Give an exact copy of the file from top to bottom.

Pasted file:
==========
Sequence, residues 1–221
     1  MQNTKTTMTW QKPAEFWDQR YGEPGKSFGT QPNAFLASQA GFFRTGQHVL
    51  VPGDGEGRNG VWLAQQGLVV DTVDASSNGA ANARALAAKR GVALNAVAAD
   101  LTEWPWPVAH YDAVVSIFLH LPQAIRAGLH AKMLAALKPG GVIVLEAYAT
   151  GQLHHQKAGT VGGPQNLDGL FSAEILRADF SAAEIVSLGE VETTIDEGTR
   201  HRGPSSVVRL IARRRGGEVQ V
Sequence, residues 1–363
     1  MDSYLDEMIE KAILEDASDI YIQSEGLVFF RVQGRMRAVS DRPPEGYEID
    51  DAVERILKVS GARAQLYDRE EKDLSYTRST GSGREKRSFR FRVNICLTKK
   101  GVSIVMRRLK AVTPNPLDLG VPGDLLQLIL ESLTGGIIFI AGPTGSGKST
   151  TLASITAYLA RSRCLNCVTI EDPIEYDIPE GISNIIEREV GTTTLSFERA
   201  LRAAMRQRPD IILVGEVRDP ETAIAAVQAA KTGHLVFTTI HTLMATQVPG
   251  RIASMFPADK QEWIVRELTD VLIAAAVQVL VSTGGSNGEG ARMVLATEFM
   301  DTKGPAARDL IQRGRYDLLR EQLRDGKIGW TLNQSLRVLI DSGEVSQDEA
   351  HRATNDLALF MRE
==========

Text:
Sequence, residues 1–221
     1  MQNTKTTMTW QKPAEFWDQR YGEPGKSFGT QPNAFLASQA GFFRTGQHVL
    51  VPGDGEGRNG VWLAQQGLVV DTVDASSNGA ANARALAAKR GVALNAVAAD
   101  LTEWPWPVAH YDAVVSIFLH LPQAIRAGLH AKMLAALKPG GVIVLEAYAT
   151  GQLHHQKAGT VGGPQNLDGL FSAEILRADF SAAEIVSLGE VETTIDEGTR
   201  HRGPSSVVRL IARRRGGEVQ V
Sequence, residues 1–363
     1  MDSYLDEMIE KAILEDASDI YIQSEGLVFF RVQGRMRAVS DRPPEGYEID
    51  DAVERILKVS GARAQLYDRE EKDLSYTRST GSGREKRSFR FRVNICLTKK
   101  GVSIVMRRLK AVTPNPLDLG VPGDLLQLIL ESLTGGIIFI AGPTGSGKST
   151  TLASITAYLA RSRCLNCVTI EDPIEYDIPE GISNIIEREV GTTTLSFERA
   201  LRAAMRQRPD IILVGEVRDP ETAIAAVQAA KTGHLVFTTI HTLMATQVPG
   251  RIASMFPADK QEWIVRELTD VLIAAAVQVL VSTGGSNGEG ARMVLATEFM
   301  DTKGPAARDL IQRGRYDLLR EQLRDGKIGW TLNQSLRVLI DSGEVSQDEA
   351  HRATNDLALF MRE